As we age, many of us begin to experience back pain. Studies show that 80% of all Americans will experience back pain at least once in their lives. There are numerous causes of back pain – and many effective treatment options including anti-inflammatory medications, heat, rest and physical therapy. However, if the pain persists and the other treatment options haven’t worked, back surgery may be recommended by your physician.
When is back surgery a good idea?
If you have a herniated disk, surgery could likely be recommended – especially if there is persistent pain and nerve compression, which can lead to muscle weakness. Nerves may become compressed for a variety of reasons including:
- Disk problems. Bulging or ruptured (herniated) disks – the rubbery cushions separating the bones of your spine – can sometimes press too tightly against a spinal nerve and affect its function.
- Overgrowth of bone. Osteoarthritis can result in bone spurs on your spine. This excess bone can narrow the amount of space available for nerves to pass through openings in your spine.
The different types of back surgery:
- Diskectomy. This involves removal of the herniated portion of a disk to relieve irritation and inflammation of a nerve. Diskectomy typically involves full or partial removal of the back portion of a vertebra to access the ruptured disk.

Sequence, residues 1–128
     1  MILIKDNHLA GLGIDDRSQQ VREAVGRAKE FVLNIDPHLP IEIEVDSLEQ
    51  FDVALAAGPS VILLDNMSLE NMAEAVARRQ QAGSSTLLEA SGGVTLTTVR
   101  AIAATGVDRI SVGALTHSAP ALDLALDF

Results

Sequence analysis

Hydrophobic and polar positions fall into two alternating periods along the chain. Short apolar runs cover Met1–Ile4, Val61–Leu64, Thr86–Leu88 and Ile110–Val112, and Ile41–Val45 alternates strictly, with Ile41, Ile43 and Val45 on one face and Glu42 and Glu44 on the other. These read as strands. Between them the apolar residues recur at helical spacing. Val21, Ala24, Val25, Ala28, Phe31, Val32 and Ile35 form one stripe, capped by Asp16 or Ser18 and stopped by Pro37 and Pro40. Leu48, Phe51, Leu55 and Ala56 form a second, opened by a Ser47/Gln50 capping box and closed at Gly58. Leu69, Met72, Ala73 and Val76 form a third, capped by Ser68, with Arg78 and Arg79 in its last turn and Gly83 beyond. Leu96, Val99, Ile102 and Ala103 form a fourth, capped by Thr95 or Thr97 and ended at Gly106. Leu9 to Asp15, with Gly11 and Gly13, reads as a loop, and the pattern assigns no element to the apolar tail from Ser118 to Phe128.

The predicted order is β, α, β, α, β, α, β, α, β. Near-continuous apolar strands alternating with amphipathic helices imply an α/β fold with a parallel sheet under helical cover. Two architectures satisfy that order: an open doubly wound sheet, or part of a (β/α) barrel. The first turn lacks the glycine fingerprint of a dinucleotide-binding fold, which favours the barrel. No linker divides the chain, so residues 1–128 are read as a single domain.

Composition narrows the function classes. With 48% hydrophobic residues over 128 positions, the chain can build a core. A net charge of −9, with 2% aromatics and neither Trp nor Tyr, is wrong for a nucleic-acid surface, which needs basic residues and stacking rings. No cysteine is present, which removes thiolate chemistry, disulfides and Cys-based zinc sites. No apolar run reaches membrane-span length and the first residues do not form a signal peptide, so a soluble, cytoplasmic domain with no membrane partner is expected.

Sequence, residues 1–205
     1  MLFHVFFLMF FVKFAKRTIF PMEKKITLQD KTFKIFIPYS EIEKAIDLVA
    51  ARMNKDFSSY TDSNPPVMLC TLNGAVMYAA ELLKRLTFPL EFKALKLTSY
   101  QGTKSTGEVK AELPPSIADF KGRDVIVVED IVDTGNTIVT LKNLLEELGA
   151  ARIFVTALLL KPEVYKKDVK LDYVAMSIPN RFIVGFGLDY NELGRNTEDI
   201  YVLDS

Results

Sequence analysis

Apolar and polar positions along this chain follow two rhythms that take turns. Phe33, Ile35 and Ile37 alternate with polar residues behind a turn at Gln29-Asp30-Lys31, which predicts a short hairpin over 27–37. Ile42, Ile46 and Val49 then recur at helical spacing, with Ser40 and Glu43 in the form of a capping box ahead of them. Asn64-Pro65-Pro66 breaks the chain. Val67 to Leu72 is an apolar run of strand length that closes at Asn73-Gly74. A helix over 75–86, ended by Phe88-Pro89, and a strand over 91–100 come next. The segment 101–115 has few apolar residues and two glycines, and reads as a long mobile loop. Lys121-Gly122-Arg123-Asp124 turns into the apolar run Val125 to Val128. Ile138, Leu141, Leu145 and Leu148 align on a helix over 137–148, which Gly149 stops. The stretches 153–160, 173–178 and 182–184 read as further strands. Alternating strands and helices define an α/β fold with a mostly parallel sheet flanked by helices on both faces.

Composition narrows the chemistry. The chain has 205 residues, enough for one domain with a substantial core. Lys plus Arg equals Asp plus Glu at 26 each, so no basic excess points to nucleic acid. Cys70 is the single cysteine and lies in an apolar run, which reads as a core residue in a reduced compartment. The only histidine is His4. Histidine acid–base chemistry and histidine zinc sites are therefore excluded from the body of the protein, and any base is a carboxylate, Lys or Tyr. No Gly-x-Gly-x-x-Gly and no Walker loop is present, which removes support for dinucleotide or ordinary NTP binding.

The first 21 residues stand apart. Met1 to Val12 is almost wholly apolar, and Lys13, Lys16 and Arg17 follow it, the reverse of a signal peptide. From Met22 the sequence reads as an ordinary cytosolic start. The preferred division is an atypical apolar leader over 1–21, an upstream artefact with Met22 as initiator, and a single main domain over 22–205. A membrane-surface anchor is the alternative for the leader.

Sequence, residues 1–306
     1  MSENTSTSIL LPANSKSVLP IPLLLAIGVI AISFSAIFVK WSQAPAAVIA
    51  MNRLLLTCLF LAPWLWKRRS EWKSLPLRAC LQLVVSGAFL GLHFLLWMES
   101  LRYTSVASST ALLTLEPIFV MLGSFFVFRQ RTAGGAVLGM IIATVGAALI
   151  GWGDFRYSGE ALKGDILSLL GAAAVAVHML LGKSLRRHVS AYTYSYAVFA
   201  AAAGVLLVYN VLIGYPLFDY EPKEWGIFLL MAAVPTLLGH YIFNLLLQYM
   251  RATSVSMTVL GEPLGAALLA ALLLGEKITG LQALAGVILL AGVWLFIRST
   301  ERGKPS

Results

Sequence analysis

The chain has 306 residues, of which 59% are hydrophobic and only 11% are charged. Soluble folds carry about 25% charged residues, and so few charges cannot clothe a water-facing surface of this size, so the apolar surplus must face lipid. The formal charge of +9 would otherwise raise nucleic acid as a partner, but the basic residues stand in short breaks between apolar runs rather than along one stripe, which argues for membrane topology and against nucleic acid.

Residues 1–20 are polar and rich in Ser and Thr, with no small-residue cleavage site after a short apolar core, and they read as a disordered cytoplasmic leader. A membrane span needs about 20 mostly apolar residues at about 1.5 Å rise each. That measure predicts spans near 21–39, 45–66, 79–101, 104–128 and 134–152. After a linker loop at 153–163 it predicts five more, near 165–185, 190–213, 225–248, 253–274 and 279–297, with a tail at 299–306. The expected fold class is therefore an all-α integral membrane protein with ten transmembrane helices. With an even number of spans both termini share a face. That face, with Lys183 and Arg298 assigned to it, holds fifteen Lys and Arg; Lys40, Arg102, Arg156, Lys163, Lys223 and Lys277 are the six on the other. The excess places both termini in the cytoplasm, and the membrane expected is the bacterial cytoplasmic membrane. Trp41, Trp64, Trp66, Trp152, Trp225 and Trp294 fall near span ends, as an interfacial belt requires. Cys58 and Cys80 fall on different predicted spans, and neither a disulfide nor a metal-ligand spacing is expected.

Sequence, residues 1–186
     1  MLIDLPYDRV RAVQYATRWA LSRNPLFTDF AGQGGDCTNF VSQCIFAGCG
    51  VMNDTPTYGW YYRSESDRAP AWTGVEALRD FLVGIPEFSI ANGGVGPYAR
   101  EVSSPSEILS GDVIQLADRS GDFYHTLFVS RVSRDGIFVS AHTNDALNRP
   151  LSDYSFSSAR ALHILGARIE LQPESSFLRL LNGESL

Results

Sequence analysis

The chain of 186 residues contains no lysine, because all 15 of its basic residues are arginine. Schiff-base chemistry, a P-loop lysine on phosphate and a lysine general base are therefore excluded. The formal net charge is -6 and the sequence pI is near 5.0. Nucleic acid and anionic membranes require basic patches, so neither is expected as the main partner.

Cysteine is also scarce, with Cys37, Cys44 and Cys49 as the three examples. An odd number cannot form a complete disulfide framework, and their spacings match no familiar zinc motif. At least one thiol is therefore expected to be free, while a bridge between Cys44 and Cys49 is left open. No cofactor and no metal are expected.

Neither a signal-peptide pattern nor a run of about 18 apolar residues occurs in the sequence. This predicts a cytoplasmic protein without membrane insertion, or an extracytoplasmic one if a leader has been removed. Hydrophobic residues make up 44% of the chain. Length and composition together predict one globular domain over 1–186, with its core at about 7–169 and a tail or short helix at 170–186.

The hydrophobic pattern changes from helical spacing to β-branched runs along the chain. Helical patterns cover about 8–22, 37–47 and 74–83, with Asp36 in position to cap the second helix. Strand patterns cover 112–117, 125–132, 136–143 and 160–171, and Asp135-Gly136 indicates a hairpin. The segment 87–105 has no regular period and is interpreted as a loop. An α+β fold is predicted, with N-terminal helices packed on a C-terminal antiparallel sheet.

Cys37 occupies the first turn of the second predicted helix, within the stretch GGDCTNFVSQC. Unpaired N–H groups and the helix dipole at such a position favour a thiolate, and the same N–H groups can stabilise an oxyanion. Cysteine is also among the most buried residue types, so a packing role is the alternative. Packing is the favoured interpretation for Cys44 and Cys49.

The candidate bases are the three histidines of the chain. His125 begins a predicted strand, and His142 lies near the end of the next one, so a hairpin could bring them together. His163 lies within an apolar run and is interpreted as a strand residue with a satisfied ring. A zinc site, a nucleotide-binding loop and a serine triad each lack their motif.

- Laminectomy. This procedure involves the removal of the bone overlying the spinal canal. It enlarges the spinal canal and is performed to relieve nerve pressure caused by spinal stenosis, which is often caused by age-related wear and tear.
- Fusion. Spinal fusion permanently connects two or more bones in your spine. It can relieve pain by adding stability to a spinal fracture. It is occasionally used to eliminate painful motion between vertebrae that can result from an injured or degenerated disk (commonly known as Degenerative Disk Disease).
- Artificial disks. Implanted artificial disks are a new treatment alternative to spinal fusion for painful movement between two vertebrae due to a degenerated or injured disk.
Consider all options
Before proceeding with back surgery, be sure to consider all options. It should be noted that it can be very difficult to pinpoint the exact cause of your back pain, even if your X-rays show that you have disk problems or bone spurs. Back pain can be a complex issue that should be discussed at length with your health professional.